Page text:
Doesn’t Oil Mean Swindle?

AP Analysis: Firms Crimping Oil Supplies
Published on Sunday, November 26, 2006.

BAKERSFIELD, Calif. (AP) — You’d think it was Texas. Dusty roads course the scrubland toward oil tanks and warehouses. Beefy men talk oil over burritos at lunch. Like grazing herds, oil wells dip nonstop amid the tumbleweed – or even into the asphalt of a parking lot.

That’s why the rumor sounded so wrong here in California’s lower San Joaquin Valley, where petroleum has gushed up more riches than the whole gold rush. Why would Shell Oil Co. simply close its Bakersfield refinery? Why scrap a profit maker?

The rumor seemed to make no sense. Yet it was true.

The company says it could make more money on other projects. It denies it intended to squeeze the market, as its critics would claim, to drive up gasoline profits at its other refineries in the region.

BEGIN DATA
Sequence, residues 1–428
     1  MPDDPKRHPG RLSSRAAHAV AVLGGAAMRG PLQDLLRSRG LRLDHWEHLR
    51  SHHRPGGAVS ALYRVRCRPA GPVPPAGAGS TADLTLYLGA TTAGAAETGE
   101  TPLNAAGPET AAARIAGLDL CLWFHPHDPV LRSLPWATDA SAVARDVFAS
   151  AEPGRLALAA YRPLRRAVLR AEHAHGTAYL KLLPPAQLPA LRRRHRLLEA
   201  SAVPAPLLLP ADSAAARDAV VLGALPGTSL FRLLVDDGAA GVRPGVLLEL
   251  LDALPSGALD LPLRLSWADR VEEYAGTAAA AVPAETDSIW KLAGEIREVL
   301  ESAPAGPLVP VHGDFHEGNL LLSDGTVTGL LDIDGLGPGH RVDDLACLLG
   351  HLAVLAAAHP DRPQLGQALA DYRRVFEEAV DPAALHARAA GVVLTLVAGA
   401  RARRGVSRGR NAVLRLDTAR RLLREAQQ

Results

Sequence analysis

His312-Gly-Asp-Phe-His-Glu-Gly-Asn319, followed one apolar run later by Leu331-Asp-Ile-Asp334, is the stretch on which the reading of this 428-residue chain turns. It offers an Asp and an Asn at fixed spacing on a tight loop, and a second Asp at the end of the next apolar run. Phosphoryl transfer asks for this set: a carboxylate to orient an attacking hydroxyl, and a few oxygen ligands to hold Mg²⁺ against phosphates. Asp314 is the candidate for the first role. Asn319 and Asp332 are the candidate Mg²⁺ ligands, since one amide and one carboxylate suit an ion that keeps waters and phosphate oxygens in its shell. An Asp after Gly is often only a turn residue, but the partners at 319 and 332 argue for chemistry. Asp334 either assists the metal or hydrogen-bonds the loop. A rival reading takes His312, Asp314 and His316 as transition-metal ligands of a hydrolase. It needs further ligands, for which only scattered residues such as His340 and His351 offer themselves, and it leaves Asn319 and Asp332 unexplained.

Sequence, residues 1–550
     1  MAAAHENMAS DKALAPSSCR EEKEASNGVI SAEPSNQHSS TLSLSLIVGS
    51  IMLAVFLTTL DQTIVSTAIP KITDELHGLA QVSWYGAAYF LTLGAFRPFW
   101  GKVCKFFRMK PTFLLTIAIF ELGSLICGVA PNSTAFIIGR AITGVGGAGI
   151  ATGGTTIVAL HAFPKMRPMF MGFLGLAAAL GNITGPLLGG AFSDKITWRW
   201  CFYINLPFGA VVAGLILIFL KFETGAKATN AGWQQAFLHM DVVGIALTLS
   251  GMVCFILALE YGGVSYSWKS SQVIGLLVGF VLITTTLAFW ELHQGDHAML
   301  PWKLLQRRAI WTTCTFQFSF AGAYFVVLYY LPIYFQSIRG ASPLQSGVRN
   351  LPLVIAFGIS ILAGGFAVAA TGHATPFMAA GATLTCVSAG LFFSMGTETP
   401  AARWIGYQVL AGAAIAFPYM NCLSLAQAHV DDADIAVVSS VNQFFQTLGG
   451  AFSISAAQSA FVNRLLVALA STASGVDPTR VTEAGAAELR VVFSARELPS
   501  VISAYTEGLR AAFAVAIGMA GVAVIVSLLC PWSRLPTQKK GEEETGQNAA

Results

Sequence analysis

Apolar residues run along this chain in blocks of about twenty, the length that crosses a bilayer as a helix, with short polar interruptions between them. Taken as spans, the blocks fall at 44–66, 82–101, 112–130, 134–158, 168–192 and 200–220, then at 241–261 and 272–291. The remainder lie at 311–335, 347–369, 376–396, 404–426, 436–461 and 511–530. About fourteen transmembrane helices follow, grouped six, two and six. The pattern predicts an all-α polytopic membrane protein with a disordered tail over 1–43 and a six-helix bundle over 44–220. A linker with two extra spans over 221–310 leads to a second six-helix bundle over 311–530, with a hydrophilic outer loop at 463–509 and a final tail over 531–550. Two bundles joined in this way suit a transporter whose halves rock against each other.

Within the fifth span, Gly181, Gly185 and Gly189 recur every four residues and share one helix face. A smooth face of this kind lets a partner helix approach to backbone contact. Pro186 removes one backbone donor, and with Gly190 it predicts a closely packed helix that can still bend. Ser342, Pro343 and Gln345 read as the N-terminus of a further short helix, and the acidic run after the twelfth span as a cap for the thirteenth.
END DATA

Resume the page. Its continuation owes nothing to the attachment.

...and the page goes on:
Whatever the truth in Bakersfield, an Associated Press analysis suggests that big oil companies have been crimping supplies in subtler ways across the country for years. And tighter supplies tend to drive up prices.

The analysis, based on data from the U.S. Energy Information Administration, indicates that the industry slacked off supplying oil and gasoline during the prolonged price boom between early 1999 and last summer, when prices began to fall.

The industry counters that it’s been working hard to meet untiring demand. It faults output quotas set by Mideast oil powers, global competition for oil from booming economies like China’s, and domestic challenges like depleting wells, clean-air rules, and hurricanes. They do make things harder.

Read it here.

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